First United Methodist Church
November 20, 2022
Rev. Lauren Hall
A Fireside Chat
When assistant football coach, Red Dawson, of the Marshall University Football Team went on a recruiting trip instead of accompanying the team back to Huntington, West Virginia, he avoided being killed along with the rest of the coaches and team when their plane crashed on November 14, 1970. He survived, but he was angry.
He was angry at the Head Coach for making the decision to fly home instead of taking a bus. He was angry at the pilot for not landing the plane safely. He was angry that the university decided to rebuild the football program. He was angry that they asked him to coach again. He was angry that he wasn’t on the plane to go down with the team. He had a lot of reasons to be angry. But he wasn’t really angry. He looked at the young men he coached as sons, and the loss of these players took a huge personal toll on him. Anger was just the way his pain and grief expressed itself.
I think there is a reason that Paul includes anger in his list of the works of the flesh – “sexual immorality, impurity, debauchery, 20 idolatry, sorcery, enmities, strife, jealousy, anger, quarrels, dissensions, factions, 21 envy,[a] drunkenness, carousing, and things like these” – and warns that those who live this way will not inherit the kingdom of God. In the following verses from Galatians 5:22-23 he states, “By contrast, the fruit of the Spirit is love, joy, peace, patience, kindness, generosity, faithfulness, 23 gentleness, and self-control. There is no law against such things.”
It's interesting that pain and grief are not mentioned in either of these lists, and yet Jesus spent the bulk of his ministry addressing the pain and grief evident in the people he encountered, offering healing and compassion almost every place he went.
Let us pray:
Lord, you have given us many words to consider this morning. As we read and meditate upon these words, by the power of the Holy Spirit, open our hearts and minds to your message and may the word take root in our hearts, that we may be fruitful bearers of God’s wisdom. Amen.
Last weekend I hit a deer while I was driving on Michigan Street. When it first happened, I had a lot of reasons to be angry. My car was damaged, and I would be dealing with costly repairs, which won’t even be scheduled for a couple of months because the repair shop is backlogged with other jobs it has to do. If I had organized my life a little differently, I would not have been there at that moment, if Trinity didn’t have a digital sign that took my attention off the road for that instance, maybe I wouldn’t have, etc. etc. As I said, I had a lot of reasons to be angry. But in the midst of it all, I realized that the deer was ok, that my air bags did not deploy, that my car was drivable, that I was ok, and that my insurance would pay for the damages (even if I do have to wait awhile for that to happen). My life was disrupted, but only for a little while. Of course I’m a little frustrated by the whole situation, but I don’t have to be angry. God has given me many reasons to be thankful, and as long as I remain focused on those things, the negative aspects of this situation won’t influence me as much.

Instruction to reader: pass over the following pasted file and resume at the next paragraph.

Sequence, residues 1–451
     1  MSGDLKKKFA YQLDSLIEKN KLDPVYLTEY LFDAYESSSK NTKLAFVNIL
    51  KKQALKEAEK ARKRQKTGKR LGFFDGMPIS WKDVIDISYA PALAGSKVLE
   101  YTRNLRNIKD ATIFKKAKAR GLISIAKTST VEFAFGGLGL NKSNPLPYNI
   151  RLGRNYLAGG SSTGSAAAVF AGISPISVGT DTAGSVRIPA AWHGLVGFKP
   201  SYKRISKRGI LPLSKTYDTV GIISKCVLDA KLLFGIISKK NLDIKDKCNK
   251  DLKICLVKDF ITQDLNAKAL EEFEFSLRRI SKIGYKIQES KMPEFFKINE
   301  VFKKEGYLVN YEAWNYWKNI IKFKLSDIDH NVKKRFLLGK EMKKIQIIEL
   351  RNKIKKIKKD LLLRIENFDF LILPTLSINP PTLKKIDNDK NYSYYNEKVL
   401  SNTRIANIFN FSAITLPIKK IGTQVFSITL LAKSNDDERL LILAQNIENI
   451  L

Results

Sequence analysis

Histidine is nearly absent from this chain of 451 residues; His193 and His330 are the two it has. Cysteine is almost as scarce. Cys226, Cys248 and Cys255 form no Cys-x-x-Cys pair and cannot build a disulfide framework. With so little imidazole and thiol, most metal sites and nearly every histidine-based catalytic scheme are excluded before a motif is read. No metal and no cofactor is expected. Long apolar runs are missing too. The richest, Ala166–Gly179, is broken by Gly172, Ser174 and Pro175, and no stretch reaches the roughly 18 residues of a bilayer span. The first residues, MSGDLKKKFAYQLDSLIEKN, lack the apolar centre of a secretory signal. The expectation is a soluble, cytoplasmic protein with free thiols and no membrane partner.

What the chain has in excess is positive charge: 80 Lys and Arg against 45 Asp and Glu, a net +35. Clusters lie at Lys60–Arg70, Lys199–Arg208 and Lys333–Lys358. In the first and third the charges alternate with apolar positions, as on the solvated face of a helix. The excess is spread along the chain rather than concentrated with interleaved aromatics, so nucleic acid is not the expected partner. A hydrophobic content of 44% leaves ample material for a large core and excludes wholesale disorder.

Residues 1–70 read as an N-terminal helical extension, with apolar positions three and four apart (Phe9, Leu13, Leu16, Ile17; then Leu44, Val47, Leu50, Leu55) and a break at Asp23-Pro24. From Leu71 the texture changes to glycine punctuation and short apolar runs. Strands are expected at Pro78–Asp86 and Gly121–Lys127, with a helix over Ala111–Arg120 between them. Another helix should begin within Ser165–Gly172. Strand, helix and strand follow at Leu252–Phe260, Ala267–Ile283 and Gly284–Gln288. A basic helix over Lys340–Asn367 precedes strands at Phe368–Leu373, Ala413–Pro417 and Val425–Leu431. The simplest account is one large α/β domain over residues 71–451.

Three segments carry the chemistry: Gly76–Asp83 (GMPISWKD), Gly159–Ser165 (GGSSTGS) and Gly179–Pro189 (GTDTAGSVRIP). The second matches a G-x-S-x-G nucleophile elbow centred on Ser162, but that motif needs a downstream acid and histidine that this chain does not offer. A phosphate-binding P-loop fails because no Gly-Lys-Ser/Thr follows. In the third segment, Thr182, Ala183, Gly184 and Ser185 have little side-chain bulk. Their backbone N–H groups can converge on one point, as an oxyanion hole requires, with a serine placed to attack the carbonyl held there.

Most of us have to face crises and life circumstances that are much more complex than running into a deer with a car. But I think Christ calls us to remain Christ-centered in all things – the big ones and the little ones – so that when we do experience a major disaster in our lives, we can face it knowing that Jesus Christ is Lord, and allow Christ to guide our thoughts and reactions.
Today’s scripture takes us to the cross – it takes us to those moments when, just before his death Jesus offered salvation of the thief who was being crucified beside him. The entire crowd mocked him, jeered at him and made fun of him. They doubted that he was the messiah because he couldn’t even save himself. But Jesus revealed something of himself in this moment. As he welcomed the thief into the realms of heaven, Jesus spoke truth to power. In that moment, as he awaited his own death, Jesus did not give in to the ones who called for him to hate. That’s powerful, isn’t it?